Health Update: Brain Levels of Vitamin D Ward Off Dementia

Hello everyone:

Here is some great news about brain health and aging. There is growing evidence for how your body relies on vitamin D to ward off inflammationcancer, and heart disease. Having enough of it in your blood is linked to a lower risk of dying prematurely,

and as you already know, dementia almost always does not have a single cause. Now we have a better understanding of how Vitamin D fits into the dementia puzzle. Here is some background info:

“An estimated 6 million people live with Alzheimer’s disease (AD) in the United States. That number is set to grow to 13 million by 2050 due to the country’s aging population. Alzheimer’s disease is also the sixth leading cause of death in the U.S. Every 65 seconds, someone develops AD, and 60% to 80% of people with dementia have AD.  While it is most often a disease of people 65 and older, early onset of AD can strike people in their 40s and 50s.

The possible causes of dementias, including AD, remain somewhat elusive and are an area of ongoing research.  Recently, a new, observational study investigates for the first time the presence of vitamin D in the brain and its potential effect on cognitive outcomes. The study found that better cognitive function is associated with people who have higher concentrations of vitamin D in their brains. Before the study, it had been unclear whether vitamin D was present in the brain at all.”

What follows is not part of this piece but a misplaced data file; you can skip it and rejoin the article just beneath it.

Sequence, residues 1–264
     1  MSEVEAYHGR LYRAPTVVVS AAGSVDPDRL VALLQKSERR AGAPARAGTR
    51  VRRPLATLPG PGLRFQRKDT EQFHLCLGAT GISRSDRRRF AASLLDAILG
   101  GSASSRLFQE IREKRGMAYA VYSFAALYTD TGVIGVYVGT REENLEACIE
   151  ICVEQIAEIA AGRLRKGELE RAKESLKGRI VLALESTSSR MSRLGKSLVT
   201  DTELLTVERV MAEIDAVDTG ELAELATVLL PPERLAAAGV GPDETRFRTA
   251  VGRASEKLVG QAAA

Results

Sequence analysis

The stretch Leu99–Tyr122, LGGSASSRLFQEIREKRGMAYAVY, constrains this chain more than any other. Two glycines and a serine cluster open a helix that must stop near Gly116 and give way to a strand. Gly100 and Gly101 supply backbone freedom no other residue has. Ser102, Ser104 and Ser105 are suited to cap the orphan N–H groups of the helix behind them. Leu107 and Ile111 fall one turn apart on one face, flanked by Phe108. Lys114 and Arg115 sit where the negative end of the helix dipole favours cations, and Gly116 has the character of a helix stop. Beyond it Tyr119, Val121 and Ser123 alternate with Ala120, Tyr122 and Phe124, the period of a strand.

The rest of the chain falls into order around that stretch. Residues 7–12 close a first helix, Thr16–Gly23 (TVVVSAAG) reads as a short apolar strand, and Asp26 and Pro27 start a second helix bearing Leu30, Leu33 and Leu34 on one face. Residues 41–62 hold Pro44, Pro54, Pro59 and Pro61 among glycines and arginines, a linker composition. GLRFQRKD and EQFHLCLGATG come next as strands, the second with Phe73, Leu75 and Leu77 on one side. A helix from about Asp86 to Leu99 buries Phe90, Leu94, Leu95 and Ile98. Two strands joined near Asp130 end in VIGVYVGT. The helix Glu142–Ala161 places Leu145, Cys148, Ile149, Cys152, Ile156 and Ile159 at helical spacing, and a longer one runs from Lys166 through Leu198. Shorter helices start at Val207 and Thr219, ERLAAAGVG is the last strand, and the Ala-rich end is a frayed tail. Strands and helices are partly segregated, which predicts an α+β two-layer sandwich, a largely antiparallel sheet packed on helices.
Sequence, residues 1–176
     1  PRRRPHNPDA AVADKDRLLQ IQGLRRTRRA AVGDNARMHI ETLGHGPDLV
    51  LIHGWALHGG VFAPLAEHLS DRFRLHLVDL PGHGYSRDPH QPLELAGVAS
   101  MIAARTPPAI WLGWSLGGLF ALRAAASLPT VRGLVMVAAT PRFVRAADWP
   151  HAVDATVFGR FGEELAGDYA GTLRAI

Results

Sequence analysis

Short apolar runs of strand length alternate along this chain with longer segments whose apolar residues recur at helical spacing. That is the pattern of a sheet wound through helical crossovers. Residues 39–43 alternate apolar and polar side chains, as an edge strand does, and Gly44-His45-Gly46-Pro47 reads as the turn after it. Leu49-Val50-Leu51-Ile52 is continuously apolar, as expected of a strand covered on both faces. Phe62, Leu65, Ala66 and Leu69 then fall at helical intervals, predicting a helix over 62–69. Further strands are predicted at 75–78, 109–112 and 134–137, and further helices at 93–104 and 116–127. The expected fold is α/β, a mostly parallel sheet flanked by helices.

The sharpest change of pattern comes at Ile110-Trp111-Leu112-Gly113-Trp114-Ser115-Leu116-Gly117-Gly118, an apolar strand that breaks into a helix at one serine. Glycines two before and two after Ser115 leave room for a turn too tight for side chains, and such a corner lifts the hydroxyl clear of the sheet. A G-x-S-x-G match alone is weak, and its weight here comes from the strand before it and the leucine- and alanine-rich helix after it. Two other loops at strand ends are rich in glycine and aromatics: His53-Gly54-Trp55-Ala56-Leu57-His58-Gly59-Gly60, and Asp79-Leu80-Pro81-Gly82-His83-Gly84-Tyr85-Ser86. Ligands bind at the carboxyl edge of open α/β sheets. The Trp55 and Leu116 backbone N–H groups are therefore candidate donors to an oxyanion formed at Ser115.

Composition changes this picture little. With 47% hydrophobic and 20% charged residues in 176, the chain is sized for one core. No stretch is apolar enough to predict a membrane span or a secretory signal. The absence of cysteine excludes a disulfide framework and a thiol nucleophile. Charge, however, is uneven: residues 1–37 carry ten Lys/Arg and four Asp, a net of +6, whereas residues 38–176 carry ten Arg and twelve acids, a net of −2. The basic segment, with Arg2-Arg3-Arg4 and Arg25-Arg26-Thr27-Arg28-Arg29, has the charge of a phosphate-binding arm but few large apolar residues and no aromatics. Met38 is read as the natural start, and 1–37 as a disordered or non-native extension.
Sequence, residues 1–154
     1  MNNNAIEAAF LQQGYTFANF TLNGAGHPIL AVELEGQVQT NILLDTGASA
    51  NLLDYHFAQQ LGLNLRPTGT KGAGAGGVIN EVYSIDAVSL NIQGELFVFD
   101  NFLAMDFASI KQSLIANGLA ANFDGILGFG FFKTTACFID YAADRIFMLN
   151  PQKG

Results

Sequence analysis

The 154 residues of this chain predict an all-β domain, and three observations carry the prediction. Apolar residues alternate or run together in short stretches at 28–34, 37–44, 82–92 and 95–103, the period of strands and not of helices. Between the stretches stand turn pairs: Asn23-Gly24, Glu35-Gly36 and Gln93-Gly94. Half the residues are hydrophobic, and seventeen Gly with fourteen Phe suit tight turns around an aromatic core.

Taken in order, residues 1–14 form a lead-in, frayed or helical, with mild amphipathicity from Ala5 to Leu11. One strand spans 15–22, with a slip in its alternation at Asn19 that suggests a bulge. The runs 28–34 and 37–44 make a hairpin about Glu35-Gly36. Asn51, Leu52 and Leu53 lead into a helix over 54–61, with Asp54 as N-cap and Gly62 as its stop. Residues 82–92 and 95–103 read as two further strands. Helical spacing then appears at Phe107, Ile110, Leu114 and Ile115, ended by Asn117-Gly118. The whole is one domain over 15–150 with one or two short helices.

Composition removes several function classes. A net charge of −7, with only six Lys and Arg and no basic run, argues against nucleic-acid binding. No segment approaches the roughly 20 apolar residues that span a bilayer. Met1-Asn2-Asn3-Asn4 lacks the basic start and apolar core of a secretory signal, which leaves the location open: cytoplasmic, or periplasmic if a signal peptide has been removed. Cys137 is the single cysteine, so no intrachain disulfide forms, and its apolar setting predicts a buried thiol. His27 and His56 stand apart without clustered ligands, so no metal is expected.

Bottom Line: For many reasons, it is a good idea to get your Vitamin D levels measured in a lab test, and if you are low or insufficient, then supplementation is probably the best way to get Vitamin D levels up (unless you live in an area that allows year-round sun exposure). For most adults that are low, dosages of 4000 i.u. per day have been seen to be safe and effective. The only contra-indication for taking Vitamin D that I know of, is if you have been diagnosed with sarcoidosis.

Also, to assist proper utilization of Vitamin D, taking some Vitamin K2 (about 150 mcg. and the best type of which is MK-7), along with some magnesium daily (taking around 400 mg. per day). The type of magnesium depends on several factors. If you are constipated, try magnesium citrate. If you have a history of anxiety or head trauma or PTSD, try magnesium threonate. If you have muscle tightness, try magnesium bisglycinate. If you are taking any blood thinners, check with your prescribing physician to make sure taking Vitamin K2 (as MK-7) is Ok for you.

If you read standard medical information websites, you will see that the dosages that I recommended are higher for Vit. D, however, there is a large amount of data suggesting the dosages I recommend as being safe and effective.

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